Berlin, the capital of Germany and the country's largest city, is also a major center of politics, culture, media, and science. Noted for its cultural flair, Berlin is home to the world famous Berlin Opera and Berlin Philharmonic Orchestra, while its diverse art scene encompasses hundreds of galleries, events, and museums, including those on Museum Island, a UNESCO World Heritage Site. Despite the devastation of WWII and following decades of decay to the east of the infamous Berlin Wall, the city has been rebuilt in a way that celebrates its successes while acknowledging a dark past. Berlin offers an eclectic mix of new and classic architecture, dynamic entertainment, shopping, and a wide variety of sports and cultural institutions.
Topography of Terror
Also known as the Museum of the Gestapo, Topography of Terror occupies the buildings that were once the central offices and prison of the Secret State Police and the headquarters of Gestapo operations during WWII. The main exhibit focuses on the SS and police during Nazi rule, highlighting the terrible crimes that were committed and giving visitors a sense of the constant state of terror that was everyday life for Europeans under their control. Exhibits include documents, photographs, audio, and film, and explore various themes, including persecution and extermination, occupied countries, and the postwar era. Visitors are also invited to tour the historic grounds, which include remains of the Berlin Wall and the outdoor exhibition Historic Wilhelmstraße.
Berlin Zoological Gardens
Zoologischer Garten Berlin is the oldest zoo in Germany and remains one of Berlin's most popular attractions, welcoming millions of guests each year. Established in 1844 and completely rebuilt after WWII, the zoo has earned a reputation for its many successful breeding programs and is known for providing authentic habitats for the animals. The zoo is home to nearly 20,000 animals big and small, from Arctic wolves to zebras. Famous residents include a pair of giant pandas, two species of giraffe, and a flock of diminutive African penguins. The Zoological Gardens are also home to Europe's biggest aviary, as well as Aquarium Berlin, where you can watch more than 9,000 creatures swim in its 250 tanks, including reef and tiger sharks, jellyfish, tropical fish, reptiles, and insects. Another zoo of interest is Tierpark Berlin, home to some 7,250 animals from 840 different species.
The Berlin-Dahlem Botanical Garden and Museum
Originally the kitchen and herb garden of the Royal Palace, the Berlin-Dahlem Botanical Garden (Botanischer Garten Berlin-Dahlem) was built in 1679 on the instructions of the Grand Elector. Covering 126 acres, it is one of the world's largest botanical gardens, home to more than 20,000 species of plants that represent the flora of not only Europe but also tropical and subtropical environments in the Great Tropical House. There are also gardens of medicinal plants and a large pond forming the centerpiece of the biotope for marine and marsh plants. Also worth seeing is the Electoral Garden with its 17th-century garden greenery; a garden restaurant; and the excellent Botanical Museum, with its herbarium featuring more than two million plants and an extensive library.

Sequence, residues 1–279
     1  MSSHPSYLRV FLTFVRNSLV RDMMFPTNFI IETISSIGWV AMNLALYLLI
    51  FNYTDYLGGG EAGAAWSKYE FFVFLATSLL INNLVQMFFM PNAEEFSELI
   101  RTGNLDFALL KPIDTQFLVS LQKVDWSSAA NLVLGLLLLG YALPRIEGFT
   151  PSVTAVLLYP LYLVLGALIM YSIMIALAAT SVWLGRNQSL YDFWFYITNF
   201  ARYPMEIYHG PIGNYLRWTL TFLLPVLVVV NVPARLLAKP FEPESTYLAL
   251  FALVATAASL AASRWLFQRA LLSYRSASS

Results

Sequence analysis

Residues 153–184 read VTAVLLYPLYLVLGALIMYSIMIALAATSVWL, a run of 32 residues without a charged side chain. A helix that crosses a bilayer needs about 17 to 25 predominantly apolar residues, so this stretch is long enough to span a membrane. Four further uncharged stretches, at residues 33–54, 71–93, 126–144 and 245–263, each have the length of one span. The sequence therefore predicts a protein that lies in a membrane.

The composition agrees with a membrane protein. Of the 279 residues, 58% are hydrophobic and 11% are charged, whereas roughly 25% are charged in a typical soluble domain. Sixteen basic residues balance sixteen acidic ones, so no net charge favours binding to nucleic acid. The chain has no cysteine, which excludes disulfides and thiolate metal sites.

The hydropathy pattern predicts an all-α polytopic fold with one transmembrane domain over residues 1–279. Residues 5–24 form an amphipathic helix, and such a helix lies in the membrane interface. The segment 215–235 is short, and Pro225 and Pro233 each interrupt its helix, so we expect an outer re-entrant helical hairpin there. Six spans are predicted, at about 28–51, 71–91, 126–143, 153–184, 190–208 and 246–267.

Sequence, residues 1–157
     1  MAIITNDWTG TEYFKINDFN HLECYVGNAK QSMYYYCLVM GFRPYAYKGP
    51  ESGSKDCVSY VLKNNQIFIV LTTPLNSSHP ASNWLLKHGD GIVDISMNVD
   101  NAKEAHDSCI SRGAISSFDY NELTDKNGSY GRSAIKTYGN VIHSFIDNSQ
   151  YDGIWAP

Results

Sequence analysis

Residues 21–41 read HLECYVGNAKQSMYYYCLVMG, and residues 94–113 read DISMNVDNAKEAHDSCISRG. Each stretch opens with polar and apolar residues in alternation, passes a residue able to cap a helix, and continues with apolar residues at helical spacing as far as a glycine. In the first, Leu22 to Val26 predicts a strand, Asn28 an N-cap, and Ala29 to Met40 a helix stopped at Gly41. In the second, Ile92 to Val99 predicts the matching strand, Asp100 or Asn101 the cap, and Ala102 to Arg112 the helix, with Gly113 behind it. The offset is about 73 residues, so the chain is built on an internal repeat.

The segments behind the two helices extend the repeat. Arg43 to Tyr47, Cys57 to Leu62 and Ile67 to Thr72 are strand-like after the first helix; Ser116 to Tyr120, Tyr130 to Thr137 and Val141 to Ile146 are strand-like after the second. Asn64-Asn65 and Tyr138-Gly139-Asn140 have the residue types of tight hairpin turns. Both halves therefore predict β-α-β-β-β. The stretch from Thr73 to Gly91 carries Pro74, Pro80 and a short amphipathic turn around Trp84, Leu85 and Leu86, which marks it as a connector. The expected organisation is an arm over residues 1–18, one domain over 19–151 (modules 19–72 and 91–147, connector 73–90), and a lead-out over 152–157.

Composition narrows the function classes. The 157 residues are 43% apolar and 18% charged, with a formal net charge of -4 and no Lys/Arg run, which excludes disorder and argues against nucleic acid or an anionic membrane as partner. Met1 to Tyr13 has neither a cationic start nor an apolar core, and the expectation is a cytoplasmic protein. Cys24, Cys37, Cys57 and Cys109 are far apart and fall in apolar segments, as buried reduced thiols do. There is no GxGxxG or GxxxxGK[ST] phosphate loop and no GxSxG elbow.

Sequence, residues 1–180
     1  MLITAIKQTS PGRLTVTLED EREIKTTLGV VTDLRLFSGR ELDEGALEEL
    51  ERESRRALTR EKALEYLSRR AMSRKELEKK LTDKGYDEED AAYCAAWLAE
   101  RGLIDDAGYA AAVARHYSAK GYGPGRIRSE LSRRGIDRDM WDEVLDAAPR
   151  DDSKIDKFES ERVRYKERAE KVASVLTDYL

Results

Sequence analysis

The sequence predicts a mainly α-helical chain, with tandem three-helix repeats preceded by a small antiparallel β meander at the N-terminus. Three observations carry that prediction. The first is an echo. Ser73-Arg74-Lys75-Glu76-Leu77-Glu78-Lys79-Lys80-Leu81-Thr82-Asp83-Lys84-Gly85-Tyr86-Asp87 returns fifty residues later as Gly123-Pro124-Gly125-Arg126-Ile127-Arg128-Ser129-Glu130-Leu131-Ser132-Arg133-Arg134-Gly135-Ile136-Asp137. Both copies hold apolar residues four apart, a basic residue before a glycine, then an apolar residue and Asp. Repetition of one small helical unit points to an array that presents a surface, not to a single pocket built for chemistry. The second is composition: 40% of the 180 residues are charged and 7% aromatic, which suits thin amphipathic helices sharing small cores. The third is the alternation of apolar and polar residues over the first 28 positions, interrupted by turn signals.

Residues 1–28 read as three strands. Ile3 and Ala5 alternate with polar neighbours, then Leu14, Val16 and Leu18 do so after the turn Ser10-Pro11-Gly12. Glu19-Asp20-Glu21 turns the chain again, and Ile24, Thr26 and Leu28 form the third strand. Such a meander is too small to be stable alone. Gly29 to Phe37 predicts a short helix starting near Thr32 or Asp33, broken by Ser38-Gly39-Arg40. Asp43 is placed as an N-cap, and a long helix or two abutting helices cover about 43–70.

The Nikolai Quarter
Berlin's Nikolai Quarter (Nikolaiviertel) is in the heart of the old city, and is where you'll find many of its oldest and most popular attractions, as well as plenty of things to do. This pedestrian-friendly quarter is known for its many small buildings set along narrow streets full of nooks and crannies, home to restaurants, cafés, shops, and craft workshops selling everything from basketry to wooden crafts. Highlights include the district's many old fountains, lanterns, and lattice-windows on the older houses and historic buildings such as Ephraim Palace, built in the 1760s, which has exhibits dedicated to Berlin's rich artistic and cultural history as well as an exquisite grand staircase. Also of note is Knoblauch House, built in 1760 and representative of the former homes of the city's wealthy Jewish merchants and tradesmen.
Another favorite tourist spot is Berlin's most famous street, Unter den Linden. This broad avenue stretches some 1,400 meters and connects Pariser Platz in front of the Brandenburg Gate to the Lustgarten. Today, its two car lanes are separated by a wide, central pedestrian area that extends much of the street's length and provides a wonderful place to relax and take in the bustling city around you. Popular attractions are the Gendarmenmarkt, the Opera House, and St. Hedwig's Cathedral.
Kaiser Wilhelm Memorial Church
One of Berlin's most interesting landmarks, Kaiser Wilhelm Memorial Church (Kaiser-Wilhelm-Gedächtniskirche) is in many ways two churches: the ultra-modern new church designed in 1961, and next to it, the ruins of the original, including most of the 63-meter-high tower. Completed in 1895 in honor of Emperor Wilhelm I, the original was destroyed in 1943, but its remains were incorporated into the new complex. The result is now a major Berlin landmark that also serves as a war memorial, with exhibits installed containing mosaic remains, architectural remnants, and photos. The centerpiece is a figure of Christ from the old church and a Cross of Nails from Coventry Cathedral, destroyed by German bombs earlier in WWII. Guided tours are available, and visitors are welcome to participate in Sunday services; Evening Music Services featuring cantatas, organ recitals, and choral music; and regular weekday services.